The DC Council just voted on the District's budget for next year.
The language the Council and the Mayor used to describe their FY17 budget choices shows a shared vision of making the District a city in which everyone can prosper. In her State of the District address, Mayor Bowser described her proposed budget as "creating pathways to the middle class." The DC Council described the budget as "enhanc[ing] critical programs that improve the health, well-being, and economic opportunities of all District residents."
In small, but important ways, this budget does some of this.
Investments were made in early intervention, public schools, job training, prevention of teen pregnancy and domestic violence. I'm also encouraged by the positive steps forward on family homelessness. There now is a concrete commitment to replace the decaying and dangerous DC General Shelter with new, smaller family shelters. It's a critical step forward that, when complete, will provide safer and more dignified living spaces for our homeless children and their parents.
But there's one area where next year's District budget falls short: the TANF program. The good news is the Mayor and Council have pledged to fix the TANF program by next year.
TANF (which stands for Temporary Assistance for Needy Families) is a lifeline for vulnerable children and their parents. It provides modest cash income, transportation assistance and child-care subsidies for families especially down on their luck. Study after study shows TANF can be the difference between a child going hungry, failing in school, ending up in foster care or becoming homeless.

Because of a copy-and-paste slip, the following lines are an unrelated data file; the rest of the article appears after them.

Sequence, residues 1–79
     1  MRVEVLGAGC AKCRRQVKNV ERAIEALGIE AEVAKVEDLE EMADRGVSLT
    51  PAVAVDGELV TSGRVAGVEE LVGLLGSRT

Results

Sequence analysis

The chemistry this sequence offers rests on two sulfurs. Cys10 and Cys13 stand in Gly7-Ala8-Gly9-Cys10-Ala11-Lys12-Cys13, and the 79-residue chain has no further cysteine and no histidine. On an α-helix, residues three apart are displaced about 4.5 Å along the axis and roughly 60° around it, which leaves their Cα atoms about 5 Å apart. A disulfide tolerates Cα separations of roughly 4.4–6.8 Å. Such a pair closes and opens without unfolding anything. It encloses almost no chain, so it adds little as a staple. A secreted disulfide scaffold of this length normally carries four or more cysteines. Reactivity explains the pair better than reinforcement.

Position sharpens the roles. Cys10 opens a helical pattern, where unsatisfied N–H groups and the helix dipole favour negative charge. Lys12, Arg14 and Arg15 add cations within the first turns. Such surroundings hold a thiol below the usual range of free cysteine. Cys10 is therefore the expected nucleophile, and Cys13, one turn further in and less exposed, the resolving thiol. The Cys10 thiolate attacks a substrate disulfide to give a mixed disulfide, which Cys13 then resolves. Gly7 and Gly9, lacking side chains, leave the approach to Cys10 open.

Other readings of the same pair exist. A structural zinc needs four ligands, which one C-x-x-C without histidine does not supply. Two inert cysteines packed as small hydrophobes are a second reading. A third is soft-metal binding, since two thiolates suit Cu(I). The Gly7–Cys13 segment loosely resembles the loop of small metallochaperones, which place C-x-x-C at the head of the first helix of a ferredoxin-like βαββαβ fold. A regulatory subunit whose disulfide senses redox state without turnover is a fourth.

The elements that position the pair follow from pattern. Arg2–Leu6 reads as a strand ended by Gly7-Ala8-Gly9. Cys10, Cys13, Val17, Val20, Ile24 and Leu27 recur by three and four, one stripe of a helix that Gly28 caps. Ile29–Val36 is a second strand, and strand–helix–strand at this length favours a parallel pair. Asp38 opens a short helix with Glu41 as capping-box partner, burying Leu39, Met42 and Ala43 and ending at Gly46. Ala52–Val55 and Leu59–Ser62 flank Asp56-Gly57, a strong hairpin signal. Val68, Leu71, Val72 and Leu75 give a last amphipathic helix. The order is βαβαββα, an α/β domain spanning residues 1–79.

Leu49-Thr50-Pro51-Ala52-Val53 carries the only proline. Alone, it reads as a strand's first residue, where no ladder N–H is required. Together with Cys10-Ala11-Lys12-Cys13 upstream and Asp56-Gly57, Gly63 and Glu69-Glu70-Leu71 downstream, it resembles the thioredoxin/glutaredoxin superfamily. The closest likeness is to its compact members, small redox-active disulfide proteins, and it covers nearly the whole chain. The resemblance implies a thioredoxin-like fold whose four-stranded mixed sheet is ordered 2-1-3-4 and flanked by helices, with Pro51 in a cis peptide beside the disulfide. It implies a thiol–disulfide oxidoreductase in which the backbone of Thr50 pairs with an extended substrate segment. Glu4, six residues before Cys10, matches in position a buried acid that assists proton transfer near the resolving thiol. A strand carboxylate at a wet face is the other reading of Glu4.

It's a vital program in a city like ours where 1 in 4 kids live in poverty. This number rises to 1 in 2 in Wards 7 and 8. And it's hard to believe, but there are many kids in the District today who live in families with virtually no cash income. This is why the TANF program is so critical.
A few years ago, the District began cutting TANF benefits for low-income families, so that today about 13,000 DC children live in families with only about $150 a month of cash assistance. Worse, these children are at risk of being cut off from the program altogether because their parents haven't found steady jobs during the program's rigid 60-month time limit.
If families don't have their most basic needs met, how can we expect children to learn in school, parents to focus on learning new job skills or our families to leave homeless shelters?
That's why Children's Law Center has joined a large network of other advocates to urge the DC government to fix the program so it can be a true safety net for our most vulnerable residents. This includes a call to extend the program's current 60-month time limit for parents and their children when they face a severe disability, domestic violence, homelessness or other barriers to employment. It's a proven approach adopted by 44 other states and is a best practice we should bring to DC.
It's time to stop pretending children can succeed when their parents don't. It's a lesson learned by schools, which invest in home visits to engage parents. And in healthcare, where the recent push to expand Medicaid for poor parents is a reflection of how much better children do when their parents are healthy, too.
As our elected officials work out their plan for the TANF program, I urge them to remember children cannot succeed without a stable family.
Children's Law Center stands ready to work with the Mayor and the Council to fix the TANF program once and for all. There have been too many stop gap solutions for TANF over the years. We hope by this time next year, when the Council votes on the next budget, their vote includes a strengthened TANF program that works for families we risk leaving behind despite DC's recent prosperity.
When we do, our elected officials will be one step closer to fulfilling their promise to create a pathway to the middle class for all DC residents.